Jackie Brookner, a New York-based artist who creates “biospheres” by using storm runoff and other polluted waters as part of her outdoor, environmental earthworks, spoke at Xavier University this month about the ethical and spiritual dimensions to her work. One of her pieces, “Laughing Brook,” is in Cincinnati, along the struggling Mill Creek at Salway Park, across from Spring Grove Cemetery in Spring Grove Village.
“Water is a sacred purifier in every religion in the world,” Brookner said. Later, she explained that her work’s purpose was to “encourage a heart connection to nature and the water that sustains us.”
Brookner, who has an undergraduate degree from Wellesley College and advanced degrees from Harvard, started off studying biology but became interested in art, too. After working on more traditional sculpture, she gravitated to what is a combination of art and science. She also teaches at Parsons School of Design.
“Sacred purifier” is not a term that usually comes to mind when discussing the Mill Creek — “scary putrifier” is more like it. But the polluted 28-mile waterway, which has a 166-square-mile watershed and travels through the center of Hamilton County on its way to the Ohio River, is too important to stay polluted. To that end, the private nonprofit Mill Creek Restoration Project — which works with both Mill Creek Valley Conservation District and Cincinnati — raised money for Brookner’s “Laughing Brook.” The artist worked with ArtWorks and Human Nature landscape architecture/design firm.
(For more information, or to get involved, visit www.millcreekrestoration.org.)
Eventually, the District hopes to see the creek become an open greenway with recreational trails. This artwork, meant to show what is still possible environmentally with the Mill Creek, was dedicated in 2008, but work continues — Brookner and volunteers used her recent trip to apply moss to the rocks.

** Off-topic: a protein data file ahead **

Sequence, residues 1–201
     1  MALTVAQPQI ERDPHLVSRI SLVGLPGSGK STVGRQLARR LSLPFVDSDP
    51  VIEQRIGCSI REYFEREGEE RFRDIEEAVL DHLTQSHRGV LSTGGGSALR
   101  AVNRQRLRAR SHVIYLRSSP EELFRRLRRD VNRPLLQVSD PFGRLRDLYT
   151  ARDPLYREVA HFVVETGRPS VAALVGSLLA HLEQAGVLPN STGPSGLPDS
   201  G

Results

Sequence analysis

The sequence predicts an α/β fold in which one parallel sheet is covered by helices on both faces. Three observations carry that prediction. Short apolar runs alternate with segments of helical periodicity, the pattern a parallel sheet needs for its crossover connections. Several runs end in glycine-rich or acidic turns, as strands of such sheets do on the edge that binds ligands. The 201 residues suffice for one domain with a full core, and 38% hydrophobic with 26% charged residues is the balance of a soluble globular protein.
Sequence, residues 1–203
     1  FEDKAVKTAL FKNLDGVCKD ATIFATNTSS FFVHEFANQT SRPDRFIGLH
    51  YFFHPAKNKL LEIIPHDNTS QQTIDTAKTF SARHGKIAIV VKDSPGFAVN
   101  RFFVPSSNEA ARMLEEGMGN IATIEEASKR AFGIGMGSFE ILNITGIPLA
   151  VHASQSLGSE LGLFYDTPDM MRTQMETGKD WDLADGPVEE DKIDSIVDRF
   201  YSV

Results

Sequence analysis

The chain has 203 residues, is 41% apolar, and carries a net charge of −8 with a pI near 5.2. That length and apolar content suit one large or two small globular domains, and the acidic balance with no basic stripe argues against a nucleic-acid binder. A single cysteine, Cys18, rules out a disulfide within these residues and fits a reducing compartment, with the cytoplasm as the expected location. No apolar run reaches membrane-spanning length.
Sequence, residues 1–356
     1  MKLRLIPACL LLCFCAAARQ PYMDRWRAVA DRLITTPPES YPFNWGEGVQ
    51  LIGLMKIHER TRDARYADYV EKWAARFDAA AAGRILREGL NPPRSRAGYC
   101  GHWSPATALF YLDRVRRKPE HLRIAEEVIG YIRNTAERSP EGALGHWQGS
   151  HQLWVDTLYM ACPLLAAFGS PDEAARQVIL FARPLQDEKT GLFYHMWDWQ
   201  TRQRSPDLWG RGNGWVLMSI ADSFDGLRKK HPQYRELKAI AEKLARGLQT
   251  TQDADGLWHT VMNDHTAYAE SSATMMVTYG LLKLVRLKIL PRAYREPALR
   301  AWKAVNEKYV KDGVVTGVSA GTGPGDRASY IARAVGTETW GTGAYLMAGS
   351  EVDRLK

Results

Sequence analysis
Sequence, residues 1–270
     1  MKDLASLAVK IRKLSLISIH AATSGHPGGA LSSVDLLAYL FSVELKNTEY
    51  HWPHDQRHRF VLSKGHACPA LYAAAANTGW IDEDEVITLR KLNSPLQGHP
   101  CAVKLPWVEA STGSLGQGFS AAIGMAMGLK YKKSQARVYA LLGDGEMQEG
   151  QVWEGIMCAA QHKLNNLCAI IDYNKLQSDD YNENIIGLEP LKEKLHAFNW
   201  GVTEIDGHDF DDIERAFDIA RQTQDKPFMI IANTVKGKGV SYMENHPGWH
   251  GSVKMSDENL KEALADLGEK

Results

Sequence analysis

“Laughing Brook” is small-scale compared to some of her other projects. In Finland, she created an artificial island/bird sanctuary for an old lagoon once used for sewage treatment. And she’s hoping to work with Fargo, N.D., residents to reinvent a use for one of the city’s “ugly” water retention pits.
If you don’t get up close and spend time with it, “Laughing Brook” is underwhelming like random landscape decoration rather than art of consequence.
But with study, it pays off, symbolizing how small, transformational steps can improve a larger, damaged ecosystem. The artist has created a mini-wetlands, meant to cleanse the storm water and filter out pollutants. The cleansed surface water runs down a small artificial brook. There, Brookner and apprentices have created 106 cast, porous-concrete “biosculptures” where moss can grow. They start out as hands and, as they move down the brook, slowly turn into leaping fish.
The brook has edge filters to keep out sediment and a couple waterfalls that flow around and under a walkway. The water moves toward a drain into the Mill Creek, hopefully arriving clean.
As you walk along (and over) the brook, watching it flow toward the Mill Creek, the art makes you see the possibilities for the nature. It sensitizes you to the damage done to a place long taken for granted. And it makes you think about our own role in causing that, ultimately damaging our own health and humanity. Now, maybe, corrective steps are being taken.
That’s an awakening we need, Brookner explained at her lecture.
“The outer world and inner world are a single world,” she said. “What we do to the outer world, we do to the inner world.”
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